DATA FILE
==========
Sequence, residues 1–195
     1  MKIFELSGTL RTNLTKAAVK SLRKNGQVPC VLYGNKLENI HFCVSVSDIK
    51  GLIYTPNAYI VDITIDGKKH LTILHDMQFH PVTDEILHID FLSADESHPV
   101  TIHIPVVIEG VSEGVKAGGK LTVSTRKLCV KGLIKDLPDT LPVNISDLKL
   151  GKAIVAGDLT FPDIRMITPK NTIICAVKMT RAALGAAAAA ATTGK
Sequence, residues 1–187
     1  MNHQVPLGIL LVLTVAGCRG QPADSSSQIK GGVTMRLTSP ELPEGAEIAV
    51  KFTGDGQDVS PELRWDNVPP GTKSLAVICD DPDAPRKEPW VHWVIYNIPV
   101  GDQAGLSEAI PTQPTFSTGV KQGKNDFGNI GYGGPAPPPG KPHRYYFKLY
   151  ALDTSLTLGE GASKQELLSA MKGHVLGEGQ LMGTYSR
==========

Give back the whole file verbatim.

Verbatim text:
Sequence, residues 1–195
     1  MKIFELSGTL RTNLTKAAVK SLRKNGQVPC VLYGNKLENI HFCVSVSDIK
    51  GLIYTPNAYI VDITIDGKKH LTILHDMQFH PVTDEILHID FLSADESHPV
   101  TIHIPVVIEG VSEGVKAGGK LTVSTRKLCV KGLIKDLPDT LPVNISDLKL
   151  GKAIVAGDLT FPDIRMITPK NTIICAVKMT RAALGAAAAA ATTGK
Sequence, residues 1–187
     1  MNHQVPLGIL LVLTVAGCRG QPADSSSQIK GGVTMRLTSP ELPEGAEIAV
    51  KFTGDGQDVS PELRWDNVPP GTKSLAVICD DPDAPRKEPW VHWVIYNIPV
   101  GDQAGLSEAI PTQPTFSTGV KQGKNDFGNI GYGGPAPPPG KPHRYYFKLY
   151  ALDTSLTLGE GASKQELLSA MKGHVLGEGQ LMGTYSR